Is it a sin to want to die so you can just skip to the part where you’re in heaven and closer to God. It’s not asking God to take you now even if it’s against his will but just that strong yearning to be in heaven already. Is that a sin?
Read Philippians 1:20 and following. Also 2 Corinthians 5.:1-10.
Philippians 1:20-23. Paul talks about this and gives a pretty good answer.
Oops, somebody beat me
Great minds here! Check 2 Cor 5 as well.
The short and easy route leads to the dark side. -star wars
Depending on the circumstances. When my 92 year old grandmother wanted to die despite there being nothing really wrong with her, I believe she was less culpable than someone half her age would have been. She had convinced herself that it was the right thing in that situation and that is a sickness in itself.
Sometimes I don’t want to exist at all.
Have faith please. It will be ok.
I sympathize with the yearning to be in Heaven, but I think it is wrong if it’s because we don’t want to deal with our troubles in the here and now or want to check out from our responsibilities.
I think we have to accept where we are and the crosses that we have to carry. God wants us to rely on His grace and ask Him for the strength to carry our cross daily.
And I empathize, because I am struggling with this, too.
And he said unto me, My grace is sufficient for thee: for my strength is made perfect in weakness. Most gladly therefore will I rather glory in my infirmities, that the power of Christ may rest upon me. 2 Cor 12:9
No. On the contrary – to yearn ardently for Heaven is precisely the right wish, and indeed death is the gateway to it. But Heaven is only accessible to perfect souls. Our time in this world allows us to work toward that perfection under the guidance of the Holy Spirit. So as long as there remains the possibility of “fruitful works” (Phillipians 1:22), one should not hasten one’s departure.
P.S. Some Bible translations have “fruitful labor”, which is unfortunate, because the authoritative Latin (“fructus operis”) does not connote physical activity at all.
Quite honestly, we are called, like Saint Paul, to agree to suffer and continue suffering - for the sake of the Kingdom of God. That means we have work left to do. If you did not, the Lord would have already called you - via sickness, accident or whatever means pleases Him.
We all suffer. We do not enjoy suffering, but we could if we followed in the footsteps of the great Saints such as Teresa of Avila and John of the Cross. Offer your suffering, your desolation, your loneliness, your depression up for the conversion of sinners - for but one charitable act.
I know that I have more suffering waiting ahead. I agree to it due to the good that God alone can bring from it.
As long as you don’t start dressing in black, reciting Goth poetry and listening to Death Metal, is think you’ll be just fine.
Why do you consider it a “sickness in itself” for your grandmother to have wished for her departure at the age of 92? (I don’t intend to be argumentative about this. I’m just wondering about it. To me it seems that 92 is a fine age to feel that it’s been enough, you’ve done your part, etc., and to want to move on to “greener pastures”.)
She was physically not bad and could have lived comfortably for a good long time. I didn’t go deep into the details of the situation but she wasn’t in her right mind as a result of poor medicine advice from people who weren’t doctors and the fact that other matters were involved.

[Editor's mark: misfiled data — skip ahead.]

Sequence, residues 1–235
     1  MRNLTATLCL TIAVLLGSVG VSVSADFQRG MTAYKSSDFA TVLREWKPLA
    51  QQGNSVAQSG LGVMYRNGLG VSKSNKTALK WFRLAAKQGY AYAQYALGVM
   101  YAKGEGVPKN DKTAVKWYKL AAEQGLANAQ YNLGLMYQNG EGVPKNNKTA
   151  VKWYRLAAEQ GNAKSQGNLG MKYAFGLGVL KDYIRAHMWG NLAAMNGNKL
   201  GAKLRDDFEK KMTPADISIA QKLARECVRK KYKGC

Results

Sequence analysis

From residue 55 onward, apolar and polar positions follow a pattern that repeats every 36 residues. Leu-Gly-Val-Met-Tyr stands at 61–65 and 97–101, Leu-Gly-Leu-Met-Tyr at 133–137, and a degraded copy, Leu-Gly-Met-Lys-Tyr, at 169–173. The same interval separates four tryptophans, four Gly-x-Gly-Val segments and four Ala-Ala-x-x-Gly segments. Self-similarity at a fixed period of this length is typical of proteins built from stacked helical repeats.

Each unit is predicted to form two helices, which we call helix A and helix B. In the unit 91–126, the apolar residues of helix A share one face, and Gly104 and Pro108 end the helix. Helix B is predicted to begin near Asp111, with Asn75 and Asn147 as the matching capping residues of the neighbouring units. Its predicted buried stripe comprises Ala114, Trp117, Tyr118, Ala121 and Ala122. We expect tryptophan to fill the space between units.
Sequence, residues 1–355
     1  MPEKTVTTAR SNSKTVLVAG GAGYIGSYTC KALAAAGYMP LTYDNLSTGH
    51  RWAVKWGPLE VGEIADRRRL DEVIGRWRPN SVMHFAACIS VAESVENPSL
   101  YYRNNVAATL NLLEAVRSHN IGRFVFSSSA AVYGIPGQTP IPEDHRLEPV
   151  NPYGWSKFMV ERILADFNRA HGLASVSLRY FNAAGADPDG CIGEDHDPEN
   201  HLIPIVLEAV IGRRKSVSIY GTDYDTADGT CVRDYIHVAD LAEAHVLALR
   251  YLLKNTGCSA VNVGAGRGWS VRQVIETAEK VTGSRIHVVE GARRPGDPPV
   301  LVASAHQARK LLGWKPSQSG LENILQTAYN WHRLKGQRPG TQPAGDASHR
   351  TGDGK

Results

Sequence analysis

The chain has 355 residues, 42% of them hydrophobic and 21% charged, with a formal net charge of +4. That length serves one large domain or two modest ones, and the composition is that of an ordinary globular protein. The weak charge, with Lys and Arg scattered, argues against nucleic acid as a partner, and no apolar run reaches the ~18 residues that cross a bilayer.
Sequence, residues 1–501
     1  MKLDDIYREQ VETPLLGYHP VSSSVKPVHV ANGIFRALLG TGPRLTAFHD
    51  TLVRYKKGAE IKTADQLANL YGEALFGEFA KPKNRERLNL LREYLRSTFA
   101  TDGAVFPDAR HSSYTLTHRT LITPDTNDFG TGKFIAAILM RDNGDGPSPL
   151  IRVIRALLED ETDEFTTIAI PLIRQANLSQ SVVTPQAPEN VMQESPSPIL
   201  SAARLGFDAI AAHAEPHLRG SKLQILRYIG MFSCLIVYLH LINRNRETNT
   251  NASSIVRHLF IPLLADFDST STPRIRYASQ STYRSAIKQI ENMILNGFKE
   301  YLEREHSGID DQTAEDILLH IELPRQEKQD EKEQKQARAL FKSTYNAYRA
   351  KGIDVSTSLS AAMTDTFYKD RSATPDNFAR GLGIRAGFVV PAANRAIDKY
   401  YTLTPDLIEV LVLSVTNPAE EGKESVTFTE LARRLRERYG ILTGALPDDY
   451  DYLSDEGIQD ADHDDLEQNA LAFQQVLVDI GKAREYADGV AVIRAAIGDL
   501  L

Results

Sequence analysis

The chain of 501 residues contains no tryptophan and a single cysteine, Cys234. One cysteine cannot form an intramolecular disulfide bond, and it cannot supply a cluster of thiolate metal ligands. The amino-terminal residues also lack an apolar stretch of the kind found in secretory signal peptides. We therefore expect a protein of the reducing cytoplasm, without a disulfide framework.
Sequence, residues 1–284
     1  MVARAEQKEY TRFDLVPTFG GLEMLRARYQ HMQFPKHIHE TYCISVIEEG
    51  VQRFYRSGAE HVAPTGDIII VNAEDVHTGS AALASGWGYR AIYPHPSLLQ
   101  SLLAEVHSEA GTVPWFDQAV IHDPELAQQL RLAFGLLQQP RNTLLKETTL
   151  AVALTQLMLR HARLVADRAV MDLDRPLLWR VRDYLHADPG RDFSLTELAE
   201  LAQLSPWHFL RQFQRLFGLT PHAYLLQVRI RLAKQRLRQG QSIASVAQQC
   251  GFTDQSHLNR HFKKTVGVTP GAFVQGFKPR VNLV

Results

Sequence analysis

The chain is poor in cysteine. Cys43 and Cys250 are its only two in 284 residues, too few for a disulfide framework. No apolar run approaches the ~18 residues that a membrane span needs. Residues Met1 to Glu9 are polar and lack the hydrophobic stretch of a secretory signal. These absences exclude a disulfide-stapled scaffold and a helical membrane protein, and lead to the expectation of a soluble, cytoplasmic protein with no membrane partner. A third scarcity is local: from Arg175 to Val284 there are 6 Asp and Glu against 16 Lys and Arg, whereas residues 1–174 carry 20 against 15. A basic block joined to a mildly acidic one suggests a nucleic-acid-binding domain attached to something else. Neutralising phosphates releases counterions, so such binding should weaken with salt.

Probably, if you seriously entertain the thought. I’m trying to think of some analogies.
the elite Olympic athlete who wants to win gold, without training?
anyone who wants the glory without the guts I guess.
No pain, no gain?
No cross, no resurrection?
And you need to finish off the 42 km run. Even if you are crawling on your hands and knees at the end. There seems to be something important about endurance until the very end.
because there tends to be pain at the end of a marathon, so there can be at the end of our lives.
Yes we’d all like the reward without effort but it’s "thy will be done’ until our last breath, I’m a fraud. (I’m afraid I mean)
this might be a bit offtopic but I quit a job once that felt like a nightmare. it was like Hell going in there everyday. In hindsight now, I ask myself whether I should have at least stayed a year or two longer, for financial security. I wonder if I was truly close to Jesus Christ then, I might have been able to stand the daily suffering. There have been a few times in my life when I’ve run away, instead of staying to face the “music”.
I thought that anecdote might have some relevance.
God created us with love - to love him -
cleanse ourselves from our sins - and offer ourselves up - to his service.
I already wear black, write poetry and listen to heavy rock . But that’s just a personal preference. Not much to do with this.
If what you describe is the intent, rather than to escape the entrapments of life on earth, no, it is not a sin.
St. Paul expressed similar thought.
However, if it transcends the purity of the desire to be with God to the point where one takes his life, the threshold might be crossed.
But, in case you are wondering, this does not mean that those committing suicide have committed mortal sin…if that’s the impetus of your post.
Once upon a time, we summarily dismissed those who committed suicide as having lost any attempt at salvation. We now have come to realize that the act might not have had all the essentials of mortal sin.
Pax et bonum!
There’s a Priest / exorcist - that I watched on youtube - and he said -
In order to find out if someone - could be possessed -
he’d ask them 3-4 questions -
what type of music they listened to - how they dressed -
if they drank - or did any drugs -
if they were social or not - ( for starters )
The lecture was in front of college kids - place was jam packed with students.
Kinda cool to watch -